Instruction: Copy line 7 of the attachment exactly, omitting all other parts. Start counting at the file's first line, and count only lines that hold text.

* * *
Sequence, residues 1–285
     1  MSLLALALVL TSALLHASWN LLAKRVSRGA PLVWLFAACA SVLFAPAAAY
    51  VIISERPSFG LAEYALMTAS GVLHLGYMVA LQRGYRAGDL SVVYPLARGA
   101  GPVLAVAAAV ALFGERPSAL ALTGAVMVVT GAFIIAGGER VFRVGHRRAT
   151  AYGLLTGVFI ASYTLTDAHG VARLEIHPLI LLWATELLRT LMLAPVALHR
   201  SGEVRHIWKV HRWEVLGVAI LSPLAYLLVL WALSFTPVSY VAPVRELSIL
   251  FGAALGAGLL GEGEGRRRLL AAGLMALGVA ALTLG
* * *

   251  FGAALGAGLL GEGEGRRRLL AAGLMALGVA ALTLG